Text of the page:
Questions for John Baricelli: Why Are Wet and Dry Ingredients Mixed Separately?

It's Baking Week here at The Kitchn, and John Baricelli of the new PBS television show Everyday Baking asked us for your baking questions. We are also taking questions for Lisa Yockelson, who will answer your questions next week on baking with chocolate.

Here's the last of five readers' baking questions for John. Reader Michelle F. asks:

Q: Whenever I see a recipe for cookies or brownies, I notice that dry and wet ingredients need to be mixed separately before combining them. Why is that? I know that flour has gluten in it (which I think can make a tougher cookie if you mix it with liquid for too long) but can you mix everything together and just mix in flour last?

A: If you try to add wet to dry in parts, the flour would be too much for the small amount or part of the liquid. Therefore, adding all the wet at once will allow the flour to absorb the liquid easier and more uniformly without the flour becoming over-worked.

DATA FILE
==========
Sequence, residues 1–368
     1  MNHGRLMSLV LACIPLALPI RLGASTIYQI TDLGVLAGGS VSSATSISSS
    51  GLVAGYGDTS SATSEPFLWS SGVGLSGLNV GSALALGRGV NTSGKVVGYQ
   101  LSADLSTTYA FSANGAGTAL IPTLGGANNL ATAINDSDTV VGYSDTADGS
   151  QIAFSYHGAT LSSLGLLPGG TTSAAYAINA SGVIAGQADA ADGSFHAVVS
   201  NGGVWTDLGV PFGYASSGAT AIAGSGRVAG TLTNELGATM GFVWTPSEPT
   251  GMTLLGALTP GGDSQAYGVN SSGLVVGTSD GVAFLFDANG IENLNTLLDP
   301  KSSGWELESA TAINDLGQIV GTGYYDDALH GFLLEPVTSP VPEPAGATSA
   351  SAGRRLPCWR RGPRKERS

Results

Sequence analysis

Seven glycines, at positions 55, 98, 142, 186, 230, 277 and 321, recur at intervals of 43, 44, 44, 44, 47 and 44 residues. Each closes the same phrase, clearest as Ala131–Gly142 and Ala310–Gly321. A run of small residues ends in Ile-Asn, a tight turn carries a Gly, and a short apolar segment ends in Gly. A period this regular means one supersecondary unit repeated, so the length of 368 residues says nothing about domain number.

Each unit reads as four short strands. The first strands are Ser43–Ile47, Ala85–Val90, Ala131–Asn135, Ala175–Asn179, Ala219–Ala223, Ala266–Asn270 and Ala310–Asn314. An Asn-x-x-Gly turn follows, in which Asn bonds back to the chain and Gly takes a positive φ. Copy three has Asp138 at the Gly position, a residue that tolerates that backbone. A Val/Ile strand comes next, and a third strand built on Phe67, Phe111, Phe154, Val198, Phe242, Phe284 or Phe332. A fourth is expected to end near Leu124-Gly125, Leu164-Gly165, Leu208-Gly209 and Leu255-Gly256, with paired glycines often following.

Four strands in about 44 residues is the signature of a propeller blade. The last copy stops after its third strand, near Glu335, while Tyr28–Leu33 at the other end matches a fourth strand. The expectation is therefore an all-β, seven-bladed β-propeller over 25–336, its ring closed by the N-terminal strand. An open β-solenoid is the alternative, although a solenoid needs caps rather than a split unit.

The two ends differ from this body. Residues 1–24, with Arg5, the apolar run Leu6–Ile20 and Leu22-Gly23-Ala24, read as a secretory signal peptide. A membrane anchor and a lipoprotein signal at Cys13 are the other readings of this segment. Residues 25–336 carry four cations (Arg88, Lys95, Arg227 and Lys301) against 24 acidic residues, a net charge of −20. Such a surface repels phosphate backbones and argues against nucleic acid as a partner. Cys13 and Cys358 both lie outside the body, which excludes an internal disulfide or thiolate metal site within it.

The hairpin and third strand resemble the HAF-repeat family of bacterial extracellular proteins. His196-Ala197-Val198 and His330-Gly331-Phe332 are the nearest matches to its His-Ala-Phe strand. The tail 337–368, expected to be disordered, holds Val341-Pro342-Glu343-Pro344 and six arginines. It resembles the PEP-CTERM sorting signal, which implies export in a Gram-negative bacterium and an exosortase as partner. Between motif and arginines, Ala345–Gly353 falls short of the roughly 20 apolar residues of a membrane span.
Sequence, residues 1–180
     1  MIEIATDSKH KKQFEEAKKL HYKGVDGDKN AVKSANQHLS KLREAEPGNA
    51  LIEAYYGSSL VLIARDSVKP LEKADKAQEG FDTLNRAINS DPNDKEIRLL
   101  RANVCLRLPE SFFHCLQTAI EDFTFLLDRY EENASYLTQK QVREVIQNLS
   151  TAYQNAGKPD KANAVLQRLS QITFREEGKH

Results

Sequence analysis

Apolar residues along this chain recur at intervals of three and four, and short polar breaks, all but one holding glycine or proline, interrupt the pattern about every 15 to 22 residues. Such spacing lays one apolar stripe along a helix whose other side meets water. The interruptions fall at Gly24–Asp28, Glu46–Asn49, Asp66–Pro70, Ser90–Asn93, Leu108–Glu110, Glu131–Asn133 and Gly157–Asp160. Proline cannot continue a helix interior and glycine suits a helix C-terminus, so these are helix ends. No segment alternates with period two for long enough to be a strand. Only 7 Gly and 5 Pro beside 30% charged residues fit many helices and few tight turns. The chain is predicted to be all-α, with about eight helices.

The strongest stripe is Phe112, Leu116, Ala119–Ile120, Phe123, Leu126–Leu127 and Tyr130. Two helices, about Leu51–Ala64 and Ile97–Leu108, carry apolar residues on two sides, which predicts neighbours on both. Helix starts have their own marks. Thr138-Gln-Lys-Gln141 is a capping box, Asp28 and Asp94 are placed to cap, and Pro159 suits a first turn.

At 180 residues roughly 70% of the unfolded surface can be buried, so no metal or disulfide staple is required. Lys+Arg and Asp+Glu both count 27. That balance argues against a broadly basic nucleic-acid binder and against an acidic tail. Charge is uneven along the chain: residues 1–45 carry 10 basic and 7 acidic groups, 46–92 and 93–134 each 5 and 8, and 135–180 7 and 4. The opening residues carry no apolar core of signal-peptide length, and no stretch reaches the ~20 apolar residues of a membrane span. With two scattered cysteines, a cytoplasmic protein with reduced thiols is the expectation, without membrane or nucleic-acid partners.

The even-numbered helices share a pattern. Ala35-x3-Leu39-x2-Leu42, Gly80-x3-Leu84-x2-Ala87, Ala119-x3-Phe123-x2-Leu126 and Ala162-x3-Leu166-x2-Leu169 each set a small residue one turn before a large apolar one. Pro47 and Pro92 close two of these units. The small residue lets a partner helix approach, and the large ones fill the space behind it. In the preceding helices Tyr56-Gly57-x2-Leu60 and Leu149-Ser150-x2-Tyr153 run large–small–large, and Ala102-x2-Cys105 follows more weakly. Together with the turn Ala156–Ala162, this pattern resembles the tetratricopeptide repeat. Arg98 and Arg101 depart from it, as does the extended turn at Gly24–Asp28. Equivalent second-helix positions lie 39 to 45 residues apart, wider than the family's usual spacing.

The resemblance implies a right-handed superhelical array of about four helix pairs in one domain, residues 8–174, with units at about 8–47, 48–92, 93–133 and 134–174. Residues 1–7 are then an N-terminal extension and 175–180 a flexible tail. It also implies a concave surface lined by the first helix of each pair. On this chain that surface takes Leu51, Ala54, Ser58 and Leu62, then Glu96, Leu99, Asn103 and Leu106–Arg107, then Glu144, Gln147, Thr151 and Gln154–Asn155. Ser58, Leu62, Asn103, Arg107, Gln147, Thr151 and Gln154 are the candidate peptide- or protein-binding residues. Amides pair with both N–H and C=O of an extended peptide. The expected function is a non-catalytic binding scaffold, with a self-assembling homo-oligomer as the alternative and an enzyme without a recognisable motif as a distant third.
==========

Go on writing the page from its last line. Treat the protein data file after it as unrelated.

You can add all to the liquid and add the flour last, but you really should sift or whisk all dry ingredients first, or you will run the chance of not evenly distributing the dry ingredients, especially the baking powder and soda.

Watch the Everyday Baking show on your local PBS stations for more tips on this and other baking matters.

Thanks John!